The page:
“Despot am exceedingly busy bay all kinds quo perhaps bracken half of it mince moment promptly of purchases.”
(Loose Translation: “…I have bought 500,000 pounds of wool…”)
– Message Sent By Mr. Frank Primrose, 6-16-1887, to his agent in Ellis, Kansas
“Destroy am exceedingly busy buy all kinds quo perhaps bracken half of it mince moment promptly of purchase.”
(Loose Translation: “…Buy 500,000 pounds of wool…”)
– Message Received By Mr. Frank Primrose’s agent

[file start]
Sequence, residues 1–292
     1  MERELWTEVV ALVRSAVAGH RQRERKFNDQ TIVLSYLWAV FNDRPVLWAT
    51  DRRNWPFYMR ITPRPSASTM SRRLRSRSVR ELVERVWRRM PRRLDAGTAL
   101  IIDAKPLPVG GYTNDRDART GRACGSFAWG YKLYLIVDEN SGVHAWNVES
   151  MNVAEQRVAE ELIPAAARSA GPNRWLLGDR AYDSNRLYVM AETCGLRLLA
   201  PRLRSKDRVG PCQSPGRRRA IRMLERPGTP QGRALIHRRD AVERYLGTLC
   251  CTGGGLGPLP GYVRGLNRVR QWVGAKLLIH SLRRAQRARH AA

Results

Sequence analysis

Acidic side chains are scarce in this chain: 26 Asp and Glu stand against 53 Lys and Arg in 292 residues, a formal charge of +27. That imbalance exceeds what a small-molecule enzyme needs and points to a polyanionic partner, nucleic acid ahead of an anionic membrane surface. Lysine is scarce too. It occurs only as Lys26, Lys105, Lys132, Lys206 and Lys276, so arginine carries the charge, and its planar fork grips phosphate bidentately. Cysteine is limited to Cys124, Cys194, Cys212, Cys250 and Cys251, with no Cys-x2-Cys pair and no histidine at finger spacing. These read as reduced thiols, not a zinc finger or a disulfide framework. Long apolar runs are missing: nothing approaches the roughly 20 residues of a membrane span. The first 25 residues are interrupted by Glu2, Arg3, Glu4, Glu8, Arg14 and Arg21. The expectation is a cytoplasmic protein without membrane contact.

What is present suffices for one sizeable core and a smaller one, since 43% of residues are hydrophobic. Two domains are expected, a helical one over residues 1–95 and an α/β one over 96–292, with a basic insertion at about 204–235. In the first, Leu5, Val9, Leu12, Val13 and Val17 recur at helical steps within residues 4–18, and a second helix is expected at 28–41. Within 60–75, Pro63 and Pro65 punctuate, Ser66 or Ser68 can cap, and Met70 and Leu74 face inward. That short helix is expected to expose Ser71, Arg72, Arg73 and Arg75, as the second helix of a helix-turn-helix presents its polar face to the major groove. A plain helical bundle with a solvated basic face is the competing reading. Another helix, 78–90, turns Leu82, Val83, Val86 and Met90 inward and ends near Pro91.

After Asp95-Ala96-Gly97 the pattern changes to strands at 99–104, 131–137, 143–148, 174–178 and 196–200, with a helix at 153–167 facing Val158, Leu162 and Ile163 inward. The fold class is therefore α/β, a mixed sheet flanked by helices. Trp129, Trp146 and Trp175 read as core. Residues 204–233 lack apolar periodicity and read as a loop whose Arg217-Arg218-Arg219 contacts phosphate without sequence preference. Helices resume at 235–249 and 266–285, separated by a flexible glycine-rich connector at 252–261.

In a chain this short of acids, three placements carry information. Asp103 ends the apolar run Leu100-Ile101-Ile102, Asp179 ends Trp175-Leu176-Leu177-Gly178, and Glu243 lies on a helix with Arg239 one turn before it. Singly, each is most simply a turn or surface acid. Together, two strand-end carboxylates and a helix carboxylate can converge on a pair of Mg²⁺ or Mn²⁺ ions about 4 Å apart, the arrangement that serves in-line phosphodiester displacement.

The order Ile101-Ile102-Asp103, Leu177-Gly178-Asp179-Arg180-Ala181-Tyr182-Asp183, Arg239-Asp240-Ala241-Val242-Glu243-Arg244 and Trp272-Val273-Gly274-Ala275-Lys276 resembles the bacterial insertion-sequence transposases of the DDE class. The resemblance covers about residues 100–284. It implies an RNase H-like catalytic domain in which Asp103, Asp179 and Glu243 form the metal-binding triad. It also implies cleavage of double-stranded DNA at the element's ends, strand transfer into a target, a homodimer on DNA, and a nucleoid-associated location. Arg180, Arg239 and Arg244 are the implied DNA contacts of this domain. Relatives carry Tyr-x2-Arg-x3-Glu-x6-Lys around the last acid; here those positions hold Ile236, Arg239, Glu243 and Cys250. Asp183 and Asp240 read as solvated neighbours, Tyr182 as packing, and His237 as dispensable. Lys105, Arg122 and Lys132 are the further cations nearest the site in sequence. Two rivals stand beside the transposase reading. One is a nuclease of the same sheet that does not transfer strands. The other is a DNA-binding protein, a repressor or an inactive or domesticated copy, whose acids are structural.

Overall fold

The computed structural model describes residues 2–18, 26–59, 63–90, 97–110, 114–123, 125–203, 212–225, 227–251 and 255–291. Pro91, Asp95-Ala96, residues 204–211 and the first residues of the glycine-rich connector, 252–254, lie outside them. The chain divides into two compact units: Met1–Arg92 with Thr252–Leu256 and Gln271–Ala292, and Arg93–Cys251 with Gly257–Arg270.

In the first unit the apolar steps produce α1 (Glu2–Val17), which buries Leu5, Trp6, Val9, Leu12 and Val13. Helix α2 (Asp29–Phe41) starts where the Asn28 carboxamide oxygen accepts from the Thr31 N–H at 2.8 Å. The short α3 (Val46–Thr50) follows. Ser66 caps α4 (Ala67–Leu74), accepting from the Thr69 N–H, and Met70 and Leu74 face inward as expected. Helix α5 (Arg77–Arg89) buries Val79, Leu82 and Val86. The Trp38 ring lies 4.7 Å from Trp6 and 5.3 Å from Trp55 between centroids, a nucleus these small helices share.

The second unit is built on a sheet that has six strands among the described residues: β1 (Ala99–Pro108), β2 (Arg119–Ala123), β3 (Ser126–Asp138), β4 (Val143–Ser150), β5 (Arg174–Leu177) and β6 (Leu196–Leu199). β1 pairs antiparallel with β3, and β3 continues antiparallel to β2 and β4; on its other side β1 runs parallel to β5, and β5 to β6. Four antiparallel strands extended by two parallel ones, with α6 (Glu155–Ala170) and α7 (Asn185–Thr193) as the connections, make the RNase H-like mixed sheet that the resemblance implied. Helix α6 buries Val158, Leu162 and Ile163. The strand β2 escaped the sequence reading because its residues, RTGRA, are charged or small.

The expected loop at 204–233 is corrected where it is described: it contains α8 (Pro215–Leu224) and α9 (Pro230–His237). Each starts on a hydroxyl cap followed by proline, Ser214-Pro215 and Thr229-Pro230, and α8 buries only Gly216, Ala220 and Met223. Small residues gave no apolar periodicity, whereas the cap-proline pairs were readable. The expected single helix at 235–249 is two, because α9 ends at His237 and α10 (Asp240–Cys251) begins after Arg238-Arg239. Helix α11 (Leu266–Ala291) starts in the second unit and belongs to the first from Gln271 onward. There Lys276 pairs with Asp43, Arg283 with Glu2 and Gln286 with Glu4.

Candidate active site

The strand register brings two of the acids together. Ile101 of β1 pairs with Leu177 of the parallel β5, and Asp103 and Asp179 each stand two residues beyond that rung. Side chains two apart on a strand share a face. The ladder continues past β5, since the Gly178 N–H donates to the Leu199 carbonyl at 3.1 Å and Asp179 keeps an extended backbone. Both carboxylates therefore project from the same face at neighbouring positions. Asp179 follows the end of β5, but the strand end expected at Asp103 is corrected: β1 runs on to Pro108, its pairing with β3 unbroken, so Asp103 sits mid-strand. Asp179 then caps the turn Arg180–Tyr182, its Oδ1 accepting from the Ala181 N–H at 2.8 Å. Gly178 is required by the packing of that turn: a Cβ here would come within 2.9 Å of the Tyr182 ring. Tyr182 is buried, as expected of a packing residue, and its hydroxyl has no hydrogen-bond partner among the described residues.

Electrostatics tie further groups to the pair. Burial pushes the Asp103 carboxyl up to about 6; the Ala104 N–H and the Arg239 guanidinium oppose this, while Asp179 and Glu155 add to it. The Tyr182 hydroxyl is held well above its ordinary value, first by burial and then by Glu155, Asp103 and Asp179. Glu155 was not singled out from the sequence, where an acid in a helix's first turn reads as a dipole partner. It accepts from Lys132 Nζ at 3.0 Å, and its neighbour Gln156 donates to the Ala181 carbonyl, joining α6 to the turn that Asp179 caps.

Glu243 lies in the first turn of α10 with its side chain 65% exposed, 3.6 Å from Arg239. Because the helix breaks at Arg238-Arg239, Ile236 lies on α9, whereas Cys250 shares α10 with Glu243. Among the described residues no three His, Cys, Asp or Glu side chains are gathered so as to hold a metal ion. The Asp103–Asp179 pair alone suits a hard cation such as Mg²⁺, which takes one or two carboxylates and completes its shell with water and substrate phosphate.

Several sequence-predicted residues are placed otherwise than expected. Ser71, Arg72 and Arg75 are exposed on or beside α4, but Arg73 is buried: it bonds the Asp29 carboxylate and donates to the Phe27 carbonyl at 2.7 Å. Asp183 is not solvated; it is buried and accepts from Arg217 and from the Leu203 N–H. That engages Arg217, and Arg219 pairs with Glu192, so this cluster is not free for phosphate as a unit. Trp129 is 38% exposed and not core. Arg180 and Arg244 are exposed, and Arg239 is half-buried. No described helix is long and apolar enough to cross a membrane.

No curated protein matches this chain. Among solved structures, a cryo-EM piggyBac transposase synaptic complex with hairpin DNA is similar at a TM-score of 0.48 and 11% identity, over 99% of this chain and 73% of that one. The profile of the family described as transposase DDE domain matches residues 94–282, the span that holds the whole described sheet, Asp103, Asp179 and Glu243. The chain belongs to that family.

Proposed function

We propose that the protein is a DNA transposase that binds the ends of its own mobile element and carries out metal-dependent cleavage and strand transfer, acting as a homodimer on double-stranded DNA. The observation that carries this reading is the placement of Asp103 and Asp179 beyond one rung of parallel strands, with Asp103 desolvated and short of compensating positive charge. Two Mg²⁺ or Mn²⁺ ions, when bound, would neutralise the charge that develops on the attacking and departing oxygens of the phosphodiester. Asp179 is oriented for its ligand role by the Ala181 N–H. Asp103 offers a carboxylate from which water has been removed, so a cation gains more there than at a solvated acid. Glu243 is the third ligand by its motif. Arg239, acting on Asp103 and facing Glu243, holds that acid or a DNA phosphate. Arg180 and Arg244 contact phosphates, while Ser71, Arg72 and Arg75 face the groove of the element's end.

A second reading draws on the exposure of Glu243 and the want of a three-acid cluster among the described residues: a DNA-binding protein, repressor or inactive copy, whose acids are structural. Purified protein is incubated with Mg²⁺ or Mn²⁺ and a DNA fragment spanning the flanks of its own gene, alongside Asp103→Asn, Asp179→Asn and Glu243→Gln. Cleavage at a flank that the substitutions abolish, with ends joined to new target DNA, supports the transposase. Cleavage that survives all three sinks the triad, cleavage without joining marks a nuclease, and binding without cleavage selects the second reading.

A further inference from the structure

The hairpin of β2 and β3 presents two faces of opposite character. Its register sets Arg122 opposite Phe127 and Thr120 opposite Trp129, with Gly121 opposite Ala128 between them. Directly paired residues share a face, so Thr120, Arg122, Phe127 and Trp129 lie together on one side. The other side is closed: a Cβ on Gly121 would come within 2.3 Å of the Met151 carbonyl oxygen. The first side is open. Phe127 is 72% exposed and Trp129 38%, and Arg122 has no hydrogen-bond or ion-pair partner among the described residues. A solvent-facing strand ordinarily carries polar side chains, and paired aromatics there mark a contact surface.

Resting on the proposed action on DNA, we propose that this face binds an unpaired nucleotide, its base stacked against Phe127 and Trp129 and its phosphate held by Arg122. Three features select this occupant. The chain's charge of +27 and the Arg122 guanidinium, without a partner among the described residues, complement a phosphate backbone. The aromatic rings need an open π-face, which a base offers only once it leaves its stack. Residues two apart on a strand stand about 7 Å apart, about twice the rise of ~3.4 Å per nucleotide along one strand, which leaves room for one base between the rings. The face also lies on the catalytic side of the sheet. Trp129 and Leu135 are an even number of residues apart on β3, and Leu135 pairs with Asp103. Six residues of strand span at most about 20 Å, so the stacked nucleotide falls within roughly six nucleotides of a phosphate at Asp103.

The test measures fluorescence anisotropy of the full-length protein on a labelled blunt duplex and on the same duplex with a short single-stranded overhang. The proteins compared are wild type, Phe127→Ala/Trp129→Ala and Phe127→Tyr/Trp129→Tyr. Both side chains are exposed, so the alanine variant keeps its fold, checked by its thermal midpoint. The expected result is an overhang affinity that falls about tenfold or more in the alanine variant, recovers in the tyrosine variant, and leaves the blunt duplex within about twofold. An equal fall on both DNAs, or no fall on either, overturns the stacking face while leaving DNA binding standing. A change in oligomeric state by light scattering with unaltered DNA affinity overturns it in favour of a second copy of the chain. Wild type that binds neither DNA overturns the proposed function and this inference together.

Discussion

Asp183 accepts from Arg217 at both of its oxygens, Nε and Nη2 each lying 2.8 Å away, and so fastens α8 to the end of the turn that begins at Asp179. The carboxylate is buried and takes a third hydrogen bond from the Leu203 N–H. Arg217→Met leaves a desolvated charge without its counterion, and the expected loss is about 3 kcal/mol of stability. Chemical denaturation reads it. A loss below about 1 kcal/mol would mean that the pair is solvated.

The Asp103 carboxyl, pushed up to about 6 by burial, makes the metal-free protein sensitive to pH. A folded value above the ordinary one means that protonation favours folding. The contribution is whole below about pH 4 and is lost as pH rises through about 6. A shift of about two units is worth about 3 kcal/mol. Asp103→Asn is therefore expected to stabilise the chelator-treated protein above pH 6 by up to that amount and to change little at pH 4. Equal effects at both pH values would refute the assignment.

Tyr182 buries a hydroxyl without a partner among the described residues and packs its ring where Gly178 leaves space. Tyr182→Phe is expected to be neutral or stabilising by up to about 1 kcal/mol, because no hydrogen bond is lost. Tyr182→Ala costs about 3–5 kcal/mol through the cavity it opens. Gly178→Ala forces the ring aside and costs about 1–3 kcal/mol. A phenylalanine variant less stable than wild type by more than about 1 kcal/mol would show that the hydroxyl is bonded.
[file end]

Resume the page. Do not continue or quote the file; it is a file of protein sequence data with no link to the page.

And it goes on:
On June 16, 1887, Mr. Frank Primrose, a wool merchant, walked into the Philadelphia Western Union office with an encoded message for his agent dispatched to Ellis, Kansas to purchase wool. You see, if he simply sent the message in plaintext, it could be intercepted and his commercial advantage, well, dispatched. So, Primrose and his agent contrived in advance a private cypher. The cyphered message was sent, but no reply message was asked for, or paid for. Western Union would, for a fee, send a return message, same as the first, to confirm proper transmission. Instead of sitting tight for further word, (because Primrose had just purchased all the wool he needed), after receiving the message, his agent began to buy up all the wool he could get his hands on, assuming those were his instructions. However, Western Union made a mistake in transcribing only one letter of the message, (while there were a few mistakes, the transposition of only one letter, scribbling “buy” instead of “bay” – the letter “A” is represented in Morse code as “dot dash” and “U” is “dot dot dash,” thus a difference of only one dot). This extra dot made a huge difference in the content of the message. “Bay,” in the secret code, meant “I have bought,” while “buy,” meant, well, to do that very thing. All of this cost Mr. Primrose $20,000.00, a handsome sum in those times, and he sued Western Union for their mistake.